(5) Any duty owed by virtue of this section in respect of a risk may, in an appropriate case, be discharged by taking such steps as are reasonable in all the circumstances of the case to give warning of the danger concerned or to discourage persons from incurring the risk.
(6) No duty is owed by virtue of this section to any person in respect of risks willingly accepted as his by that person (the question whether a risk was so accepted to be decided on the same principles as in other cases in which one person owes a duty of care to another).
(7) No duty is owed by virtue of this section to persons using the highway, and this section does not affect any duty owed to such persons.
(8) Where a person owes a duty by virtue of this section, he does not, by reason of any breach of the duty, incur any liability in respect of any loss of or damage to property.
(9) In this section —
“highway” means any part of a highway other than a ferry or waterway;
“injury” means anything resulting in death or personal injury, including any disease and any impairment of physical or mental condition; and
“movable structure” includes any vessel, vehicle or aircraft.
#5
The issue is whether an intruder or someone trying to break into your house be termed as "[COLOR="Red"]visitor[/COLOR]"? :roll:
#6
It's been like this as far as I can remember.
How many people have been sued?
#7
May be none but why have it at the first place?
#8
nomeames
May be none but why have it at the first place?


Why have what?
#9
just been watching the news & they were showing reports of neighbours helping clear streets & parents helping remove the snow from school paths so the kids can go back, this is what this country should be doing, getting behind each other & helping out !
#10
richp
just been watching the news & they were showing reports of neighbours helping clear streets & parents helping remove the snow from school paths so the kids can go back, this is what this country should be doing, getting behind each other & helping out !


I think they are in many places - it is a shame that the above article has been written as people will misunderstand what the original comments were.
#11
pghstochaj
Why have what?


The legislation that prevents members of the public to try to clear a public pavement outside their property. This may not be applied across the board for all scenarios but for icy pavements....??? Gritting them can do nothing wrong. Exceptions can always be made.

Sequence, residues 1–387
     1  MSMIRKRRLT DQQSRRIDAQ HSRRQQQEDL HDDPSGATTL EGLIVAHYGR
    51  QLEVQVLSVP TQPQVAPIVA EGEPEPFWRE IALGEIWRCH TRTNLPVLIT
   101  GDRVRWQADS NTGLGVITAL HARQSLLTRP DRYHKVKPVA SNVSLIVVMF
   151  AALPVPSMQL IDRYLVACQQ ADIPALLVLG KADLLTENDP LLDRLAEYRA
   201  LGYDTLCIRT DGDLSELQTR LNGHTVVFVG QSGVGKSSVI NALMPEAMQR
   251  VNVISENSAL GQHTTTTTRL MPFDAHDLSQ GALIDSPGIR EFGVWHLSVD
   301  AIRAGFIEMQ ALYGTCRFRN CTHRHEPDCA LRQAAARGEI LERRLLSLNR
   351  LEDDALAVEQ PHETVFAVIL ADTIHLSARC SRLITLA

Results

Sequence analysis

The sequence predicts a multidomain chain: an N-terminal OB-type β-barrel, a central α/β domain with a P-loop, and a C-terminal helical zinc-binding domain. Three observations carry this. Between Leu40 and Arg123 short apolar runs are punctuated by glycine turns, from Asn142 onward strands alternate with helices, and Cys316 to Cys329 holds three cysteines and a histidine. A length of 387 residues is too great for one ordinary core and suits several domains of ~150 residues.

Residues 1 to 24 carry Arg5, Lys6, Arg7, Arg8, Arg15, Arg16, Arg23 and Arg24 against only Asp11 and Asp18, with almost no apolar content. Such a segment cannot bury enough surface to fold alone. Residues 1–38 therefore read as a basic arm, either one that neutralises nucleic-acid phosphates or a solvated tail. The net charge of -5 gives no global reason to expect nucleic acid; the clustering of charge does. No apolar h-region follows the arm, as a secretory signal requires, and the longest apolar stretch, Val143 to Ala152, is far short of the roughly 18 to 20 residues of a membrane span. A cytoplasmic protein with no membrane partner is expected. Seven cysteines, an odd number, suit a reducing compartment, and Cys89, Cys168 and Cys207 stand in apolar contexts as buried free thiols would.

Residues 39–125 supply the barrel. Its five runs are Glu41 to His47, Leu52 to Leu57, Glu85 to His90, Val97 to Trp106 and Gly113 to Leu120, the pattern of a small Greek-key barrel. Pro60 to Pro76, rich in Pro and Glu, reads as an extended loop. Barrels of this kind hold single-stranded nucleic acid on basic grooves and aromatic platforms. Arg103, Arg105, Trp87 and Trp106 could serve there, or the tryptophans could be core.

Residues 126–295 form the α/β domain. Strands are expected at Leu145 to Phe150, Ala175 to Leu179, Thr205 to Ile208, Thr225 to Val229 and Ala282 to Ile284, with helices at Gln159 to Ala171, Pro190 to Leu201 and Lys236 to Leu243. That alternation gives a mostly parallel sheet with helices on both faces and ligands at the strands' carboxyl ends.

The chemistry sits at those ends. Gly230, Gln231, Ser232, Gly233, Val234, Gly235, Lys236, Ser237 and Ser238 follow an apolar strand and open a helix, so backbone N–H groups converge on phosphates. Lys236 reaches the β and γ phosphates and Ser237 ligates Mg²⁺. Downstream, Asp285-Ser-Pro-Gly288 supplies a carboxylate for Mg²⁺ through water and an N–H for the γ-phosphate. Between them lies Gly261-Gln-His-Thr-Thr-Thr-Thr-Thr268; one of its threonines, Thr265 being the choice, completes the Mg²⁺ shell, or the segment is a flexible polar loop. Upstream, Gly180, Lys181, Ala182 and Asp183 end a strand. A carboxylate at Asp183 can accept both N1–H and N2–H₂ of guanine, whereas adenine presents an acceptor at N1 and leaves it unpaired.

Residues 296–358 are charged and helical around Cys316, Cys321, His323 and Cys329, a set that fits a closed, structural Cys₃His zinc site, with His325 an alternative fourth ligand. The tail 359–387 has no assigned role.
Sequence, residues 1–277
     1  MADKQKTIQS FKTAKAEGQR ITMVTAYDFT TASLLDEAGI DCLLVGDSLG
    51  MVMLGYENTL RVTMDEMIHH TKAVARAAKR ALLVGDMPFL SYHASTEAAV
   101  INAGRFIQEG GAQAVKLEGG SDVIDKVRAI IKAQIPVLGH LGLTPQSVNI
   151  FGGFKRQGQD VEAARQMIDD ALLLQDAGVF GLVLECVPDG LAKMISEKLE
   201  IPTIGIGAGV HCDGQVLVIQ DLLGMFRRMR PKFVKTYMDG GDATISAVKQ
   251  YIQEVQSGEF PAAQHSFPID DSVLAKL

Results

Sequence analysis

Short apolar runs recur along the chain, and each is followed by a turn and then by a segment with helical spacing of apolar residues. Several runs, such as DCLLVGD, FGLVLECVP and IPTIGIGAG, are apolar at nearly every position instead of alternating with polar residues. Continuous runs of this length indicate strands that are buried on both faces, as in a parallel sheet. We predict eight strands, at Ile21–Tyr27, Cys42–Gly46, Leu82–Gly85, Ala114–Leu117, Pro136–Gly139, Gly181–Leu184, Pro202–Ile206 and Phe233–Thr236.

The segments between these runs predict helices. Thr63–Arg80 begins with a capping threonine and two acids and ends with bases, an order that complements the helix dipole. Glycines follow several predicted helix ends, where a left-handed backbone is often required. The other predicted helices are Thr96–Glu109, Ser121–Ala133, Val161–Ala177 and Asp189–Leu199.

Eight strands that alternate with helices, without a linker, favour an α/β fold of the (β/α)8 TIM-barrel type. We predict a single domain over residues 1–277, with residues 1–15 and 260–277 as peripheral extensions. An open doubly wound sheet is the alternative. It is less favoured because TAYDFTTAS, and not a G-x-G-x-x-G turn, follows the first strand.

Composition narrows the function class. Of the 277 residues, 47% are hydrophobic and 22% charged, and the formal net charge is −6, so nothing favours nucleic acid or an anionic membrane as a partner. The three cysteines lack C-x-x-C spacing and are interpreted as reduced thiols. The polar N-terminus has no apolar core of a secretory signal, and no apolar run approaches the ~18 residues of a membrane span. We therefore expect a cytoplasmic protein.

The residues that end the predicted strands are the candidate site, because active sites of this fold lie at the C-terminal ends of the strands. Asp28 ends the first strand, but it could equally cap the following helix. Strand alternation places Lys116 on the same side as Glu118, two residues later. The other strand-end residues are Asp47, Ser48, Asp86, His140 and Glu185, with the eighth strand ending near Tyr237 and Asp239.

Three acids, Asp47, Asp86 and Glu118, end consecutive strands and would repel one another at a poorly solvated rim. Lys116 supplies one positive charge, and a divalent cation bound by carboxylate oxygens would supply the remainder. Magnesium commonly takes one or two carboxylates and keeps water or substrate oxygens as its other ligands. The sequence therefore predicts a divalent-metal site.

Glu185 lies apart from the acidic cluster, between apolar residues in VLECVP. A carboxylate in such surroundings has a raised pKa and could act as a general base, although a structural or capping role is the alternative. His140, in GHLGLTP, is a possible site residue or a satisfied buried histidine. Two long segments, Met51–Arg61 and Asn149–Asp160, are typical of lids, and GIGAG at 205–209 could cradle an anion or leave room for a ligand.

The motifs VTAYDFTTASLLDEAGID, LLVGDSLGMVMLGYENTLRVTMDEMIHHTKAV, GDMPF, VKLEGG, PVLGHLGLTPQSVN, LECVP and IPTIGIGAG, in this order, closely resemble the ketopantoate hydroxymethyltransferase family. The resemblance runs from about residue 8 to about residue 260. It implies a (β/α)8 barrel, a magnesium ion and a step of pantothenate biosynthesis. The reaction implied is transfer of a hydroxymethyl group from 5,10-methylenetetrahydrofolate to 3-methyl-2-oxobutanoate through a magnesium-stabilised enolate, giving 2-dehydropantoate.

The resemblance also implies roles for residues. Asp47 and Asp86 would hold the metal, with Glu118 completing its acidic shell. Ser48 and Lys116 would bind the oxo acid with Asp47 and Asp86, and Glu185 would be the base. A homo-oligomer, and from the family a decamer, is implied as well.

#12
pugw$sh
Absolute rubbish!
It was discussed on BBC Breakfast last week.


+1
#13
nomeames
The legislation that prevents members of the public to try to clear a public pavement outside their property. This may not be applied across the board for all scenarios but for icy pavements....??? Gritting them can do nothing wrong. Exceptions can always be made.


There is no legislation which states that you can not try to clear a public pavement outside of your property. What does exist is a requirement that people are not negligent in whatever they do, be it adding grit to a pavement or pushing a trolley in a supermarket. You can not have an exception for every single thing that people could use as a loophole, instead you use a court.

Unfortunately, legislation, if applied poorly or misunderstood could mean anything, i.e. "don't push a supermarket trolley incase you run it over somebody's foot and injure them" in the same way as this gritting idea. Thankfully, our justice system is capable of working out the difference between negligence and doing a good deed. If for example you used water to try to melt the snow, that could cause a dangerous hazard and you could be found negligent, if you use salt and help improve the situation, that is not negligence.

You can continue to spread grit and push your supermarket trolley as long as you don't act negligently, the same way as in the rest of life.
#14
ridiculous or wot